The Law of the Sea Treaty is an agreement drawn up by the United Nations and ratified by 162 states and the European Union that governs the oceans. The treaty has been described as a “constitution of the oceans” and was negotiated in the 1970s and early 1980s. Its official title is the United Nations Convention on the Law of the Sea.
The United States has signed the Law of the Sea Treaty but not ratified its participation in the agreement, although several presidents including Bill Clinton, George W. Bush and Barack Obama have encouraged the U.S. Senate to accede.
The treaty also has the support of conservatives such as Sarah Palin, and both the business community including the American Petroleum Institute and U.S. Chamber of Commerce and environmental groups such as the Natural Resources Defense Council.
Here are the important dates in the controversy surrounding the Law of the Sea Treaty:
July 1982: Reagan Refuses to Sign Treaty
President Ronald Reagan announces his opposition to the treaty and refuses to sign it based partly on his broad belief that the ocean’s resources cannot be claimed by any one nation. "While most provisions of the draft convention are acceptable and consistent with United States interests, some major elements of the deep seabed mining regime are not acceptable,” Reagan said.
December 1982: Law of Sea Signed
The Law of the Sea Treaty is adopted by a United Nations conference in Montego Bay, Jamaica.
November 1994: Treaty Enforced
The treaty takes effect.
October 1994: Clinton Announces Support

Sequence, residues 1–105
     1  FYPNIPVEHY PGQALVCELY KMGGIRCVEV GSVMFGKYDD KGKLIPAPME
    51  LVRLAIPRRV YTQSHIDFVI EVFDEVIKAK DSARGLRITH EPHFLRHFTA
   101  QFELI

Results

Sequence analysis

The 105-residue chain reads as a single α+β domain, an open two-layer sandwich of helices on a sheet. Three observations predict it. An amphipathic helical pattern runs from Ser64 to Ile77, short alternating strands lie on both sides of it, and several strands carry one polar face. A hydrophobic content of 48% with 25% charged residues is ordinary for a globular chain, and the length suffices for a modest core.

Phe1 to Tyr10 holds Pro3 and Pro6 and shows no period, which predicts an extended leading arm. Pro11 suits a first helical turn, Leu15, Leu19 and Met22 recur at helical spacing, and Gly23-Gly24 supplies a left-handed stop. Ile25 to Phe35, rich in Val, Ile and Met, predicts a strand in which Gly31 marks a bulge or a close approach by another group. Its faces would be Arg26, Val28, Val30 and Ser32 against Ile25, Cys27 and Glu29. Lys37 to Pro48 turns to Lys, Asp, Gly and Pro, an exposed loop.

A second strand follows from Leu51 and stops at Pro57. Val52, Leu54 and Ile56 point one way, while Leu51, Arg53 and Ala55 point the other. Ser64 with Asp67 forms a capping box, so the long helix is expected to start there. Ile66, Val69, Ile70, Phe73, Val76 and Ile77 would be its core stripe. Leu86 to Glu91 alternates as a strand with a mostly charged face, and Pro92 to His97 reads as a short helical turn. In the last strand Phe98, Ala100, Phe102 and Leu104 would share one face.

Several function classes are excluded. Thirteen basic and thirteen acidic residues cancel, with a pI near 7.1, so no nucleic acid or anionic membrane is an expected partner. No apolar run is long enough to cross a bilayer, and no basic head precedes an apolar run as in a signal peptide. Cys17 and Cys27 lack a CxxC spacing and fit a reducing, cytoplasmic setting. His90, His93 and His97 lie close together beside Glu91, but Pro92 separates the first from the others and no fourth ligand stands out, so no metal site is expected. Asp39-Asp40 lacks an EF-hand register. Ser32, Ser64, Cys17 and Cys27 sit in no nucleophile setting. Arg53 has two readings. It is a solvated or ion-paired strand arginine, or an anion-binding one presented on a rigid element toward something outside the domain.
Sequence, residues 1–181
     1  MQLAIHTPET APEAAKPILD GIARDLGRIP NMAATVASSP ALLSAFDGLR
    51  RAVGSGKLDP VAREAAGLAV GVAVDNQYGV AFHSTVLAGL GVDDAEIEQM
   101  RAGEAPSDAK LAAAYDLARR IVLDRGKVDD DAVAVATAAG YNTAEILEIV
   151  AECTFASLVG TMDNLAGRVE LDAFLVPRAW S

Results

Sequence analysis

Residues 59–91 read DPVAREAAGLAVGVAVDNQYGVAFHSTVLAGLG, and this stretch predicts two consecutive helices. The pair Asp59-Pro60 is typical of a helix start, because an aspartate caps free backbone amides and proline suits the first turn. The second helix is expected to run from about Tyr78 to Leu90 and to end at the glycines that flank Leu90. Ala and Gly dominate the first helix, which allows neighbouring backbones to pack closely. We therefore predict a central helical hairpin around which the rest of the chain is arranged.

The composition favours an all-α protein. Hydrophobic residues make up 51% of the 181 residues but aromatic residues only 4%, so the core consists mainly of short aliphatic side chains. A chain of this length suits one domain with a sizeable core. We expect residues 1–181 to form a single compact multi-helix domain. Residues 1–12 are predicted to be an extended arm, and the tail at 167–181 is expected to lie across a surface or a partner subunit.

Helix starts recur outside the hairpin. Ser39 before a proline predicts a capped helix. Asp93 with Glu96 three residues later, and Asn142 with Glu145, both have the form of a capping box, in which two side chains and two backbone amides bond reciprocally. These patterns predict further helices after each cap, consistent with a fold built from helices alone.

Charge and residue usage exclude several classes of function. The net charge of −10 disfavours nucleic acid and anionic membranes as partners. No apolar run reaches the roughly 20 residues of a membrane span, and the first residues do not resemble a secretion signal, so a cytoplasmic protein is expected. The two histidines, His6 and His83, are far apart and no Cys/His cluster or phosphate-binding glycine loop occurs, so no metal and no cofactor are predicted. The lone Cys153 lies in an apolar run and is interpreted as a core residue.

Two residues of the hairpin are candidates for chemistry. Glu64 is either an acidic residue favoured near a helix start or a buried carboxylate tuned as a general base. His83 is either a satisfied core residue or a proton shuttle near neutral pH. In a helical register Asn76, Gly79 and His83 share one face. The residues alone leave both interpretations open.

U.S. President Bill Clinton signs the Law of the Sea Treaty and sends it to the U.S. Senate Committee on Foreign Relations. The committee fails to take action on the agreement after its chairman, Republican U.S. Sen. Jesse Helms, expresses concerns. The treaty does not make it to the full Senate, where ratification would require support from a two-thirds majority of its 100 members.
April 2002: Bush Administration Backs Treaty
Mary Beth West, the deputy assistant secretary of State for Oceans and Fisheries under Bush, indicates the administration’s support for joining the treaty, telling a United Nations meeting: “The administration of President George W. Bush supports accession of the United States to the Convention, and we intend to work with the U.S. Senate to move forward on becoming a party.”
May 2007: Bush Calls for Ratification
President George W. Bush calls on the Senate to ratify the treaty. "Joining will serve the national security interests of the United States, including the maritime mobility of our Armed Forces worldwide,” Bush said. “It will secure U.S. sovereign rights over extensive marine areas, including the valuable natural resources they contain. Accession will promote U.S. interests in the environmental health of the oceans. And it will give the United States a seat at the table when the rights that are vital to our interests are debated and interpreted.”
October 2007: Senate Panel OKs
The U.S. Senate Committee on Foreign Relations debates the Law of the Sea Treaty and votes 17 to 4 to send the agreement to the full Senate for a vote. The Senate fails to take up the measure for ratification.
May 2009: New Effort to Ratify
Democratic U.S. Sen. John Kerry, who chairs the Senate Committee on Foreign Relations, announces plans to restart the effort to ratify the Law of the Sea Treaty. "I hope we're ready to ratify it. I am going to do everything in my power, but I want to do it on the right schedule," Kerry told The New York Times. His support is a clear signal that Obama is onboard.
July 2010: Obama Supports U.S. in Treaty
Obama adopts the recommendations of the Ocean Policy Task Force, which supports joining the treaty.
May 2012: Another Clinton Pushes Law of Sea
U.S. Secretary of State Hillary Clinton calls on the U.S. Senate to ratify the Law of the Sea Treaty by the end of 2012, saying the agreement is "critical to the leadership and security of the United States … U.S. interests are deeply tied to the oceans. No country is in a position to gain more from the Law of the Sea Convention than the United States."